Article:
The first games console I ever owned was the Nintendo 64. One of my favourite games on the system was Wave Race 64. It was so refreshing to play a racing game where the track wasn’t static and undulated differently each lap. I was sure that, moving forward, there would be more and more racing games set on water. It never really happened though, there have been a few water-based racers, but they are very much in the minority. We have had a couple this generation thanks to the Riptide GP games, though the wave effects are fairly limited due to them focussing on narrow tracks rather than open bodies of water. Well, we now have a true Wave Race style game on modern consoles thanks to Aqua Moto Racing Utopia from Swedish developer Zordix.
There are two types of jet ski that you can race here, and they each have their own category. There are runabouts, watercraft where you sit down, and ski, where you’re standing up. The singleplayer has a division for each of these classes as well as a freestyle division that is all about tricks and stunts. The racing categories are pretty straightforward. They are split into different power categories with two championships for each one.
The level of difficulty progresses nicely throughout these categories. Your AI opponents start off pretty easy and become more challenging as you go on. The main issue with them is that in the latter series they are very aggressive towards you, constantly banging into you and knocking you out of the way of the buoys that you have to navigate. Miss three buoys and you are disqualified from the race. Unfortunately, this doesn’t appear to apply to your opposition though as I have witnessed one of the AI racers missing three buoys, but he kept on racing and was still classified at the end.
The various watercraft handle pretty well. The undulating waves affect your vessel just the way should. The only slightly strange thing about the handling model is that not only does the brake help you navigate around obstacles but it also helps you turn quicker whilst in the air. This may not be particularly realistic, but it certainly works well. Stunts and tricks are achieved with a combination of the left and right thumbsticks. The right thumbstick performing tricks and the left thumbstick controlling spins and flips. You can also use the right bumper to do barrel rolls.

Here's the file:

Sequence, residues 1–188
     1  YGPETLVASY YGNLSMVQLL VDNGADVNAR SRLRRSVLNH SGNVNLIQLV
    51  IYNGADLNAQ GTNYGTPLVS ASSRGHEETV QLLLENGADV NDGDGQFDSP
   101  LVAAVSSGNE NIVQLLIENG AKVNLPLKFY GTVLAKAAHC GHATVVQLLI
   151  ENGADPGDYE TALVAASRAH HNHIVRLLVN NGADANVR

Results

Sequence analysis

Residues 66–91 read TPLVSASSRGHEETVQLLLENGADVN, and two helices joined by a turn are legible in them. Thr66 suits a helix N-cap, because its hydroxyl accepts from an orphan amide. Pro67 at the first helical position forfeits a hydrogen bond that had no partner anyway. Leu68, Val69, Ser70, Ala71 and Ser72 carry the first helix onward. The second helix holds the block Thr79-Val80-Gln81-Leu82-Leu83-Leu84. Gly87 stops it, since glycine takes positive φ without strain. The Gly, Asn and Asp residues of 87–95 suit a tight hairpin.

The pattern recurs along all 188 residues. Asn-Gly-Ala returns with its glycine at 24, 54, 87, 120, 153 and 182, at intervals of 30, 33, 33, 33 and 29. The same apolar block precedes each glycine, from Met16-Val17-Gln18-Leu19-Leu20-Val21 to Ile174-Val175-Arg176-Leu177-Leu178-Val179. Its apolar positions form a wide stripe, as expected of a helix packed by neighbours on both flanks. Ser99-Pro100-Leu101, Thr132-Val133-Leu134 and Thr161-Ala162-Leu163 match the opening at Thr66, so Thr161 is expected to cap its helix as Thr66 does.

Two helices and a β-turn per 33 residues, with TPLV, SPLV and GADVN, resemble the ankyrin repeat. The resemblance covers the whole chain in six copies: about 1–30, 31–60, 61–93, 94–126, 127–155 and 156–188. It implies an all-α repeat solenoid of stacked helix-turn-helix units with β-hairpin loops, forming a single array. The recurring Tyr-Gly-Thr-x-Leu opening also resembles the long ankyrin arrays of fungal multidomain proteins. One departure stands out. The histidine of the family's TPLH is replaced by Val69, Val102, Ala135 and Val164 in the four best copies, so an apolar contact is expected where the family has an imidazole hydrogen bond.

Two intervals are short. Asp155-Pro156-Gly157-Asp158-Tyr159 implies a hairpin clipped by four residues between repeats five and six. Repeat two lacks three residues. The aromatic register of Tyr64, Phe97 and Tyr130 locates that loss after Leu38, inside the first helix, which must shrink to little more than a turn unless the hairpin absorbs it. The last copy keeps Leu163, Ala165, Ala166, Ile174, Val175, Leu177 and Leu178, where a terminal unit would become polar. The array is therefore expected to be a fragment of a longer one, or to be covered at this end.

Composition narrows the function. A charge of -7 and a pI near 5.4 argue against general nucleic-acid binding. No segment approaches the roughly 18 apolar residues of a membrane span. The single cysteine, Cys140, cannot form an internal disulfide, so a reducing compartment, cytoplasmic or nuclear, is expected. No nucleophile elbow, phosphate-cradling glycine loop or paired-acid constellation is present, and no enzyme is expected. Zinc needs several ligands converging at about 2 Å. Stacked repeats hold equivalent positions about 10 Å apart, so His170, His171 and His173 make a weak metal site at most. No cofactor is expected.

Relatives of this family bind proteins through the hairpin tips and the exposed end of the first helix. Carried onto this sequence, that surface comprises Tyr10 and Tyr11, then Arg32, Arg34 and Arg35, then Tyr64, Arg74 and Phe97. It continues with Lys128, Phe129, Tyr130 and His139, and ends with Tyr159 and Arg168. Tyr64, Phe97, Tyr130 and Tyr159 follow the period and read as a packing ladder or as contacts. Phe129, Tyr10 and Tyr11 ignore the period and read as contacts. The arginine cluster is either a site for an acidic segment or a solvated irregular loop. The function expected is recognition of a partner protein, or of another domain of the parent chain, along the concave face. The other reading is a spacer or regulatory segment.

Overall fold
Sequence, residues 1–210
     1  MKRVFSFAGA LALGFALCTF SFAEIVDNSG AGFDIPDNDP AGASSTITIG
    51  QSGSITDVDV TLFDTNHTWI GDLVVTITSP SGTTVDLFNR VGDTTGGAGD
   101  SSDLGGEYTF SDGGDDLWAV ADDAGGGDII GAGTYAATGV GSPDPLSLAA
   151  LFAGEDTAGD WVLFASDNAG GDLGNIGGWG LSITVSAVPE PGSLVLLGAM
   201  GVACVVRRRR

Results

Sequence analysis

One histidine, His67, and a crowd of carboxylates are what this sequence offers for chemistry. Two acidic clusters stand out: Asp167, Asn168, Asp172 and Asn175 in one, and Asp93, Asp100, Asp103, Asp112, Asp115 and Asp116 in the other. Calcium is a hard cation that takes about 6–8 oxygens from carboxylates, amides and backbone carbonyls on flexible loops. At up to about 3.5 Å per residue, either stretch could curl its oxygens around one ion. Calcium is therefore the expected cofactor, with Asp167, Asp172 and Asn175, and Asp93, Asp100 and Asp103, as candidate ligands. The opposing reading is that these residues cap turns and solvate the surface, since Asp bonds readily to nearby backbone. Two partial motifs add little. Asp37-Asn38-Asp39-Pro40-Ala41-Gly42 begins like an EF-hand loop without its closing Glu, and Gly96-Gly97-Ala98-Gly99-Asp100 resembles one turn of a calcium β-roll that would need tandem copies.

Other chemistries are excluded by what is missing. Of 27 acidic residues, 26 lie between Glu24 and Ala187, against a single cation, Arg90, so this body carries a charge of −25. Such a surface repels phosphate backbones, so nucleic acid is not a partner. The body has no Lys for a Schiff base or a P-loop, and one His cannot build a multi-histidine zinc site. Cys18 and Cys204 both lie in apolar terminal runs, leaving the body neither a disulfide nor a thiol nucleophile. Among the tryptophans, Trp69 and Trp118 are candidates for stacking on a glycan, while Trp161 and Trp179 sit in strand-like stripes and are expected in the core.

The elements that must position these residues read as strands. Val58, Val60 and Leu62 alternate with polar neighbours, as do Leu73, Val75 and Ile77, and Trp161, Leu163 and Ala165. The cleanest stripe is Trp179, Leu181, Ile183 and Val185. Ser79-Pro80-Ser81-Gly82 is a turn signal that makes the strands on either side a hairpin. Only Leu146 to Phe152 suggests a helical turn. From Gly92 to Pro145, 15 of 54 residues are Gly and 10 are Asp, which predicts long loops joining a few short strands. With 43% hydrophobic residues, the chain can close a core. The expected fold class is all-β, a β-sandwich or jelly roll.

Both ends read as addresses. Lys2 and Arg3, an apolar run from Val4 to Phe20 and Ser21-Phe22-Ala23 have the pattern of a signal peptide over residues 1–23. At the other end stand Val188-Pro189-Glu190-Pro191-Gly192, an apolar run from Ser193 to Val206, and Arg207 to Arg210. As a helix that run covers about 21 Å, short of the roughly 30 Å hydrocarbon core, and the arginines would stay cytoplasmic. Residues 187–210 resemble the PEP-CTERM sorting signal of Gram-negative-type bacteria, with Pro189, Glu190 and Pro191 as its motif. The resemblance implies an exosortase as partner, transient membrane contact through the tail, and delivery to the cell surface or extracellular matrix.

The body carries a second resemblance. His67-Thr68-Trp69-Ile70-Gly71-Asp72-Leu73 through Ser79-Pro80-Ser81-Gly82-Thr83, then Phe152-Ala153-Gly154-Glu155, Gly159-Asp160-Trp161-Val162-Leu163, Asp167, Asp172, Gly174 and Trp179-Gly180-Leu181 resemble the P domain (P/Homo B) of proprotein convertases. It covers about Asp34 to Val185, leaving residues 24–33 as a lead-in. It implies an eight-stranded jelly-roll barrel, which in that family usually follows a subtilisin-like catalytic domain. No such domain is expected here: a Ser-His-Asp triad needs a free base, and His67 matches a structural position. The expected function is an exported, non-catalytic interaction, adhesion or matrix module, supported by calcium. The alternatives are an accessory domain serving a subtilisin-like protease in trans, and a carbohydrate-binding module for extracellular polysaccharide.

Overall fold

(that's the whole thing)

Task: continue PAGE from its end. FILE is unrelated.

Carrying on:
In the visual department, the game is OK. It runs along pretty smoothly, and there are some nice visual touches, but this isn’t anywhere near the calibre of something like the Forza series. The waves also look a little disappointing after the incredible waters of Sea of Thieves. This is a budget title though and doesn’t have the resources of those AAA exclusives. The tracks have a nice design to them with each one being distinct from the other. The actual circuits work well with the level of waves definitely adding a required level of difficulty to the more open water events.
Aqua Moto Racing Utopia may be a bit of a mouthful, but it’s a fairly solid racing game. It’s never going to change the world or the minds of non-racing fans, but it’s a pleasant distraction for 10-12 hours. There is a multiplayer mode that will keep fans of the game occupied for longer, but I was unable to find any human opponents (the game will populate a race with AI opposition for you though if you’re adamant about racing in that mode). If you are a racing game fan with $20 burning a hole in your pocket, then this may be the game for you.